Should You Delay Your Wedding To File Bankruptcy? 5 Factors

Do you want to get married? While this is an exciting time for couples, it also brings new financial questions and concerns. For those who struggle with debts — either one or both partners — one important question to address is whether to delay the wedding in order to file bankruptcy first. To help you find the right timing and solutions, here are five of the most important factors to consider. 

1. Whether Both Need to File. Just because your partner files bankruptcy doesn't automatically mean you must do so as well. Either single or married, one partner can file without the other. However, if you do both need to file bankruptcy, you may save money and time by waiting to file as a joint case. 

2. How Wedding Assets are Affected. Have you saved up money for the wedding? If so, these assets may be at risk if you file bankruptcy before using them for their intended purpose. And no couple should attempt to hide wedding savings from a bankruptcy court by transferring them to the unaffected partner. This is bankruptcy fraud, and it can carry negative consequences. 

3. The Size of the Wedding. Go over your wedding plans with a bankruptcy attorney to determine how they may be viewed by a court. If you put a lot of wedding charges on credit cards and then declare bankruptcy on these right afterward, you might accidentally commit bankruptcy fraud. In addition, large unnecessary cash expenditures could make a trustee think you're draining assets to avoid repayment.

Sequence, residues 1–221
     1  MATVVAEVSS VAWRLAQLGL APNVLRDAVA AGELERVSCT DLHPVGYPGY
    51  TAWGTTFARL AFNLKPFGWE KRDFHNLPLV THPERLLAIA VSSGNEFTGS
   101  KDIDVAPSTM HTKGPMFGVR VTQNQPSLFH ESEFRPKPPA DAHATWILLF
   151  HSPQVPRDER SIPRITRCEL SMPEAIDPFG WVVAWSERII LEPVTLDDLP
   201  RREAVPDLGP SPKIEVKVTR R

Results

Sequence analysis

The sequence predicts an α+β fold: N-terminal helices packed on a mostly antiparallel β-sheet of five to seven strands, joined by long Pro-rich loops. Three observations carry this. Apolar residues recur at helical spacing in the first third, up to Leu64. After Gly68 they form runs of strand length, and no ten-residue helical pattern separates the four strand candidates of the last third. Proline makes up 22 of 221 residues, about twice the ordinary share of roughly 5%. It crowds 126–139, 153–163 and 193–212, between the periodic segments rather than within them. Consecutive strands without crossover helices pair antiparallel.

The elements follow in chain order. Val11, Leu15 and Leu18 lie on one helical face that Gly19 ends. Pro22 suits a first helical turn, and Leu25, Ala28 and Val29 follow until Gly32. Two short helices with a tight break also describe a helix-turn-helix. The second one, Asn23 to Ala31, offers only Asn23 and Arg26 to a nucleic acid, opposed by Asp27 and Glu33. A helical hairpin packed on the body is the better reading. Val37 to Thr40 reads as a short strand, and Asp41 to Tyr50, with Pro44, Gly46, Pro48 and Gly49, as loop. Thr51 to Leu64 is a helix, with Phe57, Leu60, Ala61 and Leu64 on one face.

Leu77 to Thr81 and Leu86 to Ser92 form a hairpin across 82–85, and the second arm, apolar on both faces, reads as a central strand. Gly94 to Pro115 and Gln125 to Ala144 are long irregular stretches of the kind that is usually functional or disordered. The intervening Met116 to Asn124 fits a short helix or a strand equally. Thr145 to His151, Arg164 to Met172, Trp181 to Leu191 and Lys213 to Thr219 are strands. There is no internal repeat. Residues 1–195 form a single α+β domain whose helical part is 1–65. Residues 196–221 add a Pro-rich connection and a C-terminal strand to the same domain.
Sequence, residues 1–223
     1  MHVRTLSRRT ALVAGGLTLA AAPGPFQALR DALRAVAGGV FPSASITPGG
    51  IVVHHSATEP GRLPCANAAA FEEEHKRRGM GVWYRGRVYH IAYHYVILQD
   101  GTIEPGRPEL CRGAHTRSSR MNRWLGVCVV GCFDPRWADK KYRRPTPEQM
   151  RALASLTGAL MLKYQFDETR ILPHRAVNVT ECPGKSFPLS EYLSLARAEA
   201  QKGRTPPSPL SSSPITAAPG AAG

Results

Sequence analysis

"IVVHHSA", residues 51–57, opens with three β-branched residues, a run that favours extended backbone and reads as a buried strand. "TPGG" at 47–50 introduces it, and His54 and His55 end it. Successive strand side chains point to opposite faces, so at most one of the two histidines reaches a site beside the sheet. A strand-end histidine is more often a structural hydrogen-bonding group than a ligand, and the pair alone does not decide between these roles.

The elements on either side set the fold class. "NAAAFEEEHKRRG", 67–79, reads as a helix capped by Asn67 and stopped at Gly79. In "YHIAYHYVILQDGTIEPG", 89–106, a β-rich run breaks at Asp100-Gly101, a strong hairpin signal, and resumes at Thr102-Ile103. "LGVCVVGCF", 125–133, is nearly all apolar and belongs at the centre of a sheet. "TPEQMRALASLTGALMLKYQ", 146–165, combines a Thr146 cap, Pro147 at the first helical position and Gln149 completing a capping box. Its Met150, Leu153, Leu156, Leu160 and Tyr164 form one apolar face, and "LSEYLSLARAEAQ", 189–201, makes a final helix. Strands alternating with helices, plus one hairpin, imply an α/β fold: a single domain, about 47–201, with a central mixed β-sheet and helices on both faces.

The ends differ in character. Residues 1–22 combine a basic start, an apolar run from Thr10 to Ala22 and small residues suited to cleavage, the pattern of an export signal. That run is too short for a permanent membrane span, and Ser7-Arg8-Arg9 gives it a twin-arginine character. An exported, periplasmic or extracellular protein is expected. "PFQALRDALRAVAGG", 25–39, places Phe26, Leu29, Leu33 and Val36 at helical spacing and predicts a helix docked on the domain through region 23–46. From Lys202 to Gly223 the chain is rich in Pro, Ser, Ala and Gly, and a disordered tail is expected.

4. Your Personal Relationship. How do your or your partner's debts affect your relationship? Bankruptcy is primarily a financial decision, but don't underestimate the emotional and personal impact of debt and debt relief. Wedding planning is stressful on its own, but you might benefit from either delaying the work of filing bankruptcy or getting it out of the way before moving forward. 

5. How You'll Share Assets. What are your and your partner's plans for sharing household finances after the wedding? Comingling assets — sharing accounts or debts — could open up one person's assets to help pay the other person's bankruptcy case. You can protect even a married partner's assets, but you'll have to take proactive steps from the beginning. Getting rid of debts while single may be the safest option. 

Need help determining how each of these factors affects the timing of your or your fiancé's bankruptcy? Start by meeting with an experienced bankruptcy lawyer in your state today. 

For more information on bankruptcy law, contact a professional near you.